Since PD-L1 levels can correlate with response to immune checkpoint therapy in certain tumors2,3, there is increasing interest in understanding PD-L1 regulation1. However, while PD-L1 regulation has been extensively studied in cancer cells1, the regulation of PD-L1 in stromal cells is less well understood. Also, since the stroma in PDAC tumors predominates5,6, it is very likely that cytolytic T cells in PDAC tumors will encounter PSCs. In this report we show that PSCs, which contribute to the pronounced stroma that is seen in human PDAC tumors5,6, express PD-L1 and that BET inhibitors can repress PD-L1 in PSCs. Our data are in agreement with recent studies demonstrating that BET inhibitors can decrease PD-L1 expression in lymphoma and ovarian cancer cells14,15. In this report we also show that BET PROTAC and knockdown of BRD4, but not knockdown of BRD2 or BRD3, decrease PD-L1 expression in PSCs.
We have previously shown that BET inhibitors can target c-MYC in a human stellate cell line and in PDAC cells7,22,23. However, we have found that targeting c-MYC does not decrease PD-L1 levels in PSCs or in PDAC cell lines, indicating that the effect of BET inhibitors in these cells is not indirect through c-MYC repression. In fact, c-MYC knockdown in PDAC cells increased IFN-γ-induced PD-L1 expression, in agreement with a recent study showing that c-MYC knockdown in hepatocellular carcinoma cells results in increased IFN-γ-induced PD-L1 expression25. While our findings contrast with a study demonstrating that targeting c-MYC by shRNA or JQ1 treatment decreases PD-L1 in melanoma and lung cancer cells20,21, our findings are in agreement with another study showing that JQ1 regulation of PD-L1 in lymphoma cells is not mediated by c-MYC15. Instead, BET inhibitors directly decrease binding of BRD4 to the PD-L1 promoter in lymphoma cells15. We have also found that BET inhibitors directly decrease binding of BRD4 to the PD-L1 promoter in PSCs.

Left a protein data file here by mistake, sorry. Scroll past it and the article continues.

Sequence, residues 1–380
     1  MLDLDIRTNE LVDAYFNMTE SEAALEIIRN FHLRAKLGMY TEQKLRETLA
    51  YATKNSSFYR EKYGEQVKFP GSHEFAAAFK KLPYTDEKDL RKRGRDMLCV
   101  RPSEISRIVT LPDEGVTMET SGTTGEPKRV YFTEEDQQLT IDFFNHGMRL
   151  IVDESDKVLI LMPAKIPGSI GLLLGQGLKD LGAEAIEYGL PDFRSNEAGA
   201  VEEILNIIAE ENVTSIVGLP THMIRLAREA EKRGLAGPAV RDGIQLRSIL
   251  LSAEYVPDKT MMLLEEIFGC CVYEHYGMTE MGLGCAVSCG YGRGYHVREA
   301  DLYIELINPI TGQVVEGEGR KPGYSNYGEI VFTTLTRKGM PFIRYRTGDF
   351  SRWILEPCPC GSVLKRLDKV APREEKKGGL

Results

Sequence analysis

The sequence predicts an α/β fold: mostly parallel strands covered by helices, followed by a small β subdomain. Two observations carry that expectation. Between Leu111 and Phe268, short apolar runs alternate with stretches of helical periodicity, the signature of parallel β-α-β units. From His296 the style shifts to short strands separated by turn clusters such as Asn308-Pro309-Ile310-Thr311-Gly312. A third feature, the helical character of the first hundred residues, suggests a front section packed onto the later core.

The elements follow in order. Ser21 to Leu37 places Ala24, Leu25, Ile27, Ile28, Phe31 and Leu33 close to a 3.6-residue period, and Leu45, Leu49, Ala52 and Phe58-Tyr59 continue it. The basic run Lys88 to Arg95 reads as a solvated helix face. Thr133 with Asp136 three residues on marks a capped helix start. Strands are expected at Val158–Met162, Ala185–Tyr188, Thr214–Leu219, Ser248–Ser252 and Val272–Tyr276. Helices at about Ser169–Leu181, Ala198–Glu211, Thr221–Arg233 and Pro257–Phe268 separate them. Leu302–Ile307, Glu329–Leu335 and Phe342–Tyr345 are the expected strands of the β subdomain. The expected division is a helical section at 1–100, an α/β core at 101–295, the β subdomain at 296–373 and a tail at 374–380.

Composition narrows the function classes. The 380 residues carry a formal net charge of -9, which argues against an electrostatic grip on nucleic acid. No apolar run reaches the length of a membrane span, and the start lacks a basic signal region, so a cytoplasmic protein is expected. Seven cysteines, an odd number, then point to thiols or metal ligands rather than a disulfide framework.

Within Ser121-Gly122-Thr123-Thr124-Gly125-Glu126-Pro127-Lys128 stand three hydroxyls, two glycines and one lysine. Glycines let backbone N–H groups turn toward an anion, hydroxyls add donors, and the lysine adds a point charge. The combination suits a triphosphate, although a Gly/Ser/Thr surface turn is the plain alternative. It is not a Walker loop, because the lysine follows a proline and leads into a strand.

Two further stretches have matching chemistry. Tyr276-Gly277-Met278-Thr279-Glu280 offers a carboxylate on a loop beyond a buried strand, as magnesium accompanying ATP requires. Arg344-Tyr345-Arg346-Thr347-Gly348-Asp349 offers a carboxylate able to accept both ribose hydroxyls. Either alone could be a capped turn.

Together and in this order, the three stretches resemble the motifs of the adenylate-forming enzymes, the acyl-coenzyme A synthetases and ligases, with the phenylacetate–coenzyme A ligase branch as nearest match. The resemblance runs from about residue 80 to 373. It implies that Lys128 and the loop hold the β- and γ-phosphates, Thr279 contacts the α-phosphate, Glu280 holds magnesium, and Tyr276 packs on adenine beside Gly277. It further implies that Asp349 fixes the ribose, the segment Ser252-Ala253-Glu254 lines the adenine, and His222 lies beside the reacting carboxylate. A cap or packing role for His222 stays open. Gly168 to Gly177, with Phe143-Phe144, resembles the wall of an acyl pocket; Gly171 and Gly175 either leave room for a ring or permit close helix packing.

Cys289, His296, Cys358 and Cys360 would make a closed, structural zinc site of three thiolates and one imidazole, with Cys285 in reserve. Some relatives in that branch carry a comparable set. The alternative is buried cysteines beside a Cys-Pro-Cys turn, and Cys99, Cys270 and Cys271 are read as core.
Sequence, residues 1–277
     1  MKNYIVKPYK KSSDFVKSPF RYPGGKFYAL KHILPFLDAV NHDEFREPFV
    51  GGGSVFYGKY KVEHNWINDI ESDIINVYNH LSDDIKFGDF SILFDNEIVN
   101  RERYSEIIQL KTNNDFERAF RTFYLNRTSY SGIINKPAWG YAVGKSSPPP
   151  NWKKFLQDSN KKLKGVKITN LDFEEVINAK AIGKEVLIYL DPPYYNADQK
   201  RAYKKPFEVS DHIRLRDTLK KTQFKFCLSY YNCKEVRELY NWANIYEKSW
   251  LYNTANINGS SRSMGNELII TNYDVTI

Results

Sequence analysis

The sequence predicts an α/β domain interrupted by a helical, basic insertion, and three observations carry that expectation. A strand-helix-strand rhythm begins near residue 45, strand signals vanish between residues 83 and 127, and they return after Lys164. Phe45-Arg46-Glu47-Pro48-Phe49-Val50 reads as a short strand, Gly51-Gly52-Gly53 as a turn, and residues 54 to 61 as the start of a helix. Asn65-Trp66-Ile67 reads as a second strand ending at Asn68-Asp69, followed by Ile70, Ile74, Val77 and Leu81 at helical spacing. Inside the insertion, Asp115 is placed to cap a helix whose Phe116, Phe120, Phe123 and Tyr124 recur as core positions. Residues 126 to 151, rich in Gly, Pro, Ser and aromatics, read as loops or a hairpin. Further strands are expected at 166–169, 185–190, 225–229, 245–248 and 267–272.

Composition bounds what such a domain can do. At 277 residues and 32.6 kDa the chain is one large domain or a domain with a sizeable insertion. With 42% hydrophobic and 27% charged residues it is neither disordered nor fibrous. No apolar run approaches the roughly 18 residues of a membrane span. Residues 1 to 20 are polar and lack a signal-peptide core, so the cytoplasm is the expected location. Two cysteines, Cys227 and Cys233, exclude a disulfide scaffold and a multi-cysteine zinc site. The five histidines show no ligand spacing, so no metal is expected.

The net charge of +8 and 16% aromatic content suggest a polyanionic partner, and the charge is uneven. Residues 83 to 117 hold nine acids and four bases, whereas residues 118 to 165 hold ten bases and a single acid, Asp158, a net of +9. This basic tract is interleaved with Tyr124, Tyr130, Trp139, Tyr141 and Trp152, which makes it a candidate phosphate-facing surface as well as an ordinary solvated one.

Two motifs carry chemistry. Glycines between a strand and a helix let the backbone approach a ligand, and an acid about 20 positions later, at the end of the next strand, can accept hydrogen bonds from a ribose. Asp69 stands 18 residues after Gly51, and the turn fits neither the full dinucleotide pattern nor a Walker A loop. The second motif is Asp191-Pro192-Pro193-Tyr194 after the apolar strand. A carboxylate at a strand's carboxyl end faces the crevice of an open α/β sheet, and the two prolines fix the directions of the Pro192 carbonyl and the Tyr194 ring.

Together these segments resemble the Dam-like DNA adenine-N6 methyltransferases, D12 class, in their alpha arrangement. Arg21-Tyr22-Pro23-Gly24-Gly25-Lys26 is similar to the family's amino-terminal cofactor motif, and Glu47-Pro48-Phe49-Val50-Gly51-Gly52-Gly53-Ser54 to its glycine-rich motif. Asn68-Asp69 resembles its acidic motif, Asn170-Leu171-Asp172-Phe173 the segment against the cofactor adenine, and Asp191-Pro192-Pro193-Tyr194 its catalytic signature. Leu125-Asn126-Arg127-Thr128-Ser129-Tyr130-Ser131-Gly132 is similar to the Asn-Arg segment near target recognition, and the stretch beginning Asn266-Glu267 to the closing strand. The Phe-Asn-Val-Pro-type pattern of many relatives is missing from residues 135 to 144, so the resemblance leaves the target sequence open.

We also demonstrate that BET inhibitors decrease binding of IRF1 to the PD-L1 promoter in PSCs. IRF1 is well known to regulate PD-L1 in a number of different cancer types24,26. IRF1 rapidly binds to the PD-L1 promoter following IFN-γ treatment and down-regulation of IRF1 decreases PD-L1 expression24. We also show that IRF1 regulates PD-L1 expression in PSCs. Significantly, we have found that BET inhibitors, BET PROTAC and BRD4 siRNA do not decrease IRF1 protein expression in PSCs. Instead, we show that BET inhibitors decrease binding of IRF1 protein to the PD-L1 promoter. Our results are in contrast to the data in lymphoma cells in which BET inhibitors did not affect binding of IRF1 to the PD-L1 promoter15. It is possible that the effect of BET inhibitors on IRF1 binding to the PD-L1 promoter may vary depending on the cell type.